## Jeremiah 39

Statisticians speak of continuous variables, categorical variables and dichotomous variables. This is simpler than it sounds! Continuous variables are things like measurements of heights. In the human population there are a multiplicity of heights, in a continuous spread over a range; I’m 1.75 m, you may be 1.8 m or 1.69 m etc. With categorical variables every person in a population fits into a discrete category, for example those with blue eyes, those with brown eyes, green eyes and so on, there are a multiplicity of categories, but they are not continuous like height. Finally, there are dichotomous variables, such variables are either one thing or another, black or white, male or female. It seems to me, that in our standing before God we are part of a dichotomous variable, we are in either one of two places: we are saved, or we are lost. We are all faced with the choice of which group we are in. In Jeremiah 39 we will see that king Zedekiah finally chose to reject God’s message and do things his way. In contrast Jeremiah and Ebed Malek chose to serve God. Our choice in this matter has huge consequences for our lives as we shall see.

1. Zedekiah

Nebuchadnezzar had waited 18 months for this moment. Firstly, he slaughtered Zedekiah’s sons as Zedekiah watched helplessly. Next, he killed the nobles of Judah – almost certainly some of those who opposed Jeremiah and wanted him killed were amongst this group. Lastly, he put Zedekiah’s eyes out. The last thing that Zedekiah would remember would be the sight of his sons and officials being killed. Zedekiah was then placed in shackles and made the long trip to Babylon. What a tragic situation, and all brought about by the king’s stubbornness to listen and act on God’s word given through Jeremiah. The book of Chronicles records these words: ‘He became stiff-necked and hardened his heart and would not turn to the Lord, the God of Israel (2 Chronicles 36:13).’  Note that Zedekiah himself hardened his heart – the longer we refuse to acknowledge God, the more difficult it becomes to respond to his call. We don’t become ‘stiff-necked’ overnight, but over the years our ability to respond to God’s word diminishes if we continue to fail respond to his prompting. If God is prompting you to repent and turn to him, do not hold out a minute longer.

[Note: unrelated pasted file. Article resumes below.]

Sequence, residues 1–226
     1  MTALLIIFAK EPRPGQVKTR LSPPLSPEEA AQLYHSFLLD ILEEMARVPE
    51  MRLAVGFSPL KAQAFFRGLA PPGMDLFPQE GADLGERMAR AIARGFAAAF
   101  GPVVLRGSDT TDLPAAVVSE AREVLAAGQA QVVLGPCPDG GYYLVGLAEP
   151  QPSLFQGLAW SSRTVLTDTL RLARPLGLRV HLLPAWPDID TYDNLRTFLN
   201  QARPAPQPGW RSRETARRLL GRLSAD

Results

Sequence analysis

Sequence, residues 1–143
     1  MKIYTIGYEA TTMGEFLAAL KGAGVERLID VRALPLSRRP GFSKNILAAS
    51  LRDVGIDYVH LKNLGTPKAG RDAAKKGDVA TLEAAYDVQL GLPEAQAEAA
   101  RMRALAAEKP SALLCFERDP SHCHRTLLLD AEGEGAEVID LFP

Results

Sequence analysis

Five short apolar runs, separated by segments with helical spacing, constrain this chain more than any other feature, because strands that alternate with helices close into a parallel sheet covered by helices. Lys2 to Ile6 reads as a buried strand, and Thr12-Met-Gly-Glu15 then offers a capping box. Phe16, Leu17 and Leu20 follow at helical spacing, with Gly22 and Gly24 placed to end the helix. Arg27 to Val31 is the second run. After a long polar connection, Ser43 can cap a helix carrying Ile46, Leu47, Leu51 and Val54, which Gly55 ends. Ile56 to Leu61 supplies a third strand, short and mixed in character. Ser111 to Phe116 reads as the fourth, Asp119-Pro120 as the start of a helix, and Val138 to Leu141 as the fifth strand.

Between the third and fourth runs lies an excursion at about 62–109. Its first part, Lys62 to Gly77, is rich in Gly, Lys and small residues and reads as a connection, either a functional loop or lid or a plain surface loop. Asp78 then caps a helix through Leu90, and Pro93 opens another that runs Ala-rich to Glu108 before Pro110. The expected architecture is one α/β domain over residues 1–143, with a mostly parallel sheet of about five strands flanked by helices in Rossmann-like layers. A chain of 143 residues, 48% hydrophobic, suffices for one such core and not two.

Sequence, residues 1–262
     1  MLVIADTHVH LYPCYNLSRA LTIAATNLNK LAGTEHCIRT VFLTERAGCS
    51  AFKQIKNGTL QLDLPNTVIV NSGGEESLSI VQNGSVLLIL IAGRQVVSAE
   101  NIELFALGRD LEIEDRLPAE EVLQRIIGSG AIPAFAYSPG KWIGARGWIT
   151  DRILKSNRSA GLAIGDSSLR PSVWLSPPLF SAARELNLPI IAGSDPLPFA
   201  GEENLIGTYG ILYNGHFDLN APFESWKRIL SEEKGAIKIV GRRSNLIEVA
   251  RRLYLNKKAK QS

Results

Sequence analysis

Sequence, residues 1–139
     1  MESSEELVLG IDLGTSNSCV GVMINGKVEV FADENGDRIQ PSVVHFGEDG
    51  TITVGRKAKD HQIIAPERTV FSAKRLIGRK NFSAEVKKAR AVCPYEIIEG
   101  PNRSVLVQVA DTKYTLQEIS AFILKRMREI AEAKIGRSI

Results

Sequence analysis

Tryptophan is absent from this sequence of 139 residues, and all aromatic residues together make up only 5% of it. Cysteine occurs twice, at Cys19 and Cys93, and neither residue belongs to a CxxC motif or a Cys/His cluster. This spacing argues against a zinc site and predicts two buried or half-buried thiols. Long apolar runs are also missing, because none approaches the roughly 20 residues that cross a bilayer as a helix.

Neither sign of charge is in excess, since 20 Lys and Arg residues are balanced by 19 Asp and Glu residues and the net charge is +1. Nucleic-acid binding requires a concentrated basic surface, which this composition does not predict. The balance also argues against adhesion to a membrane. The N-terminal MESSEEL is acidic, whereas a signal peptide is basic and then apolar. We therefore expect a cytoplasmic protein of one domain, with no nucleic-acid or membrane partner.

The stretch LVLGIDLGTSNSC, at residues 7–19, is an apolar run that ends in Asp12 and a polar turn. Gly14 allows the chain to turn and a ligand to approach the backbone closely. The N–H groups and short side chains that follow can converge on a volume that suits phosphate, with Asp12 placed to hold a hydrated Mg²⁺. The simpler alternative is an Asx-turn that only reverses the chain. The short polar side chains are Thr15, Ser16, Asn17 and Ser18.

Interestingly Jeremiah had previously prophesied that Zedekiah would look into the eyes of Nebuchadnezzar (Jeremiah 32: 4). This was certainly fulfilled. In the book of Ezekiel we also read of Zedekiah of whom it was said: ‘13 .. I will bring him to Babylonia, the land of the Chaldeans, but he will not see it, and there he will die. (Ezekiel 12).’ This must have seemed a strange prophecy to Ezekiel at the time, how could he be in Babylon and not see it? But this is exactly what happened to Zedekiah, he saw Nebuchadnezzar and was taken to Babylon, a city he never actually saw!

Having dealt with the Judean leaders, Nebuchadnezzar now turned his attention to the city and its inhabitants. Nebuchadnezzar had appointed Nebuzaradan as his commander of the imperial guard. It turns out that this is a rather remarkable man, but you will need to wait until the next chapter to hear why this was so! Nebuzaradan rounded up the people and organised the exile of all those in the city –  they were sent to Babylon and they would never return! The royal palace was burnt down, and the walls were destroyed. The city was in ruins. Again this should have come as no surprise, back in Jeremiah chapter 9 we read these words: ‘I will make Jerusalem a heap of ruins, a haunt of jackals; and I will lay waste the towns of Judah so no one can live there (Jeremiah 9: 11).’ Some people insist that we cannot take the bible literally and that we need to take much of it (especially the Old Testament) as an allegory. Try telling the people on their way to Babylon (and indeed Zedekiah) that!

The land of Judah and Israel was still of value to the Babylonians and in order to derive benefit from it, Nebuzaradan left ‘some of the poor people’ to tend to the vineyards and fields.

Zedekiah is a lesson to all who refuse to listen to God’s word. Sadly, we live in a period in history where most people have rejected God’s word. I have a subscription to the Times on-line newspaper: the news today was that the prince William was reported to have said he would be ‘fine if my children are gay. ’ In the readers’ comments section beneath the article anyone who spoke up for biblical moral purity was roundly criticised. The apostle Paul noted in his letter to the Romans: ‘32 Although they know God’s righteous decree that those who do such things deserve death, they not only continue to do these very things but also approve of those who practise them.’ The apostle Paul seemed to connect such practices with the coming wrath of God. If this is the case, we have much to learn from Jeremiah in our day. How can we avoid God’s wrath? Believe in the Lord Jesus, and you will be saved (Acts 16:31)!

2. Jeremiah

Jeremiah’s life had not been an easy one. He had spent the best part of his days preaching and persuading the people of Judah to turn back to God and to mitigate the coming judgment, but they would not listen. He was opposed at every turn and his life was often in danger. As he watched the city burn he must have been filled with sadness but perhaps also he felt that he had done his job of warning, he had not given up doing what God had asked him to do. What now? He was in danger too – perhaps he would be caught up in the killing and deportation?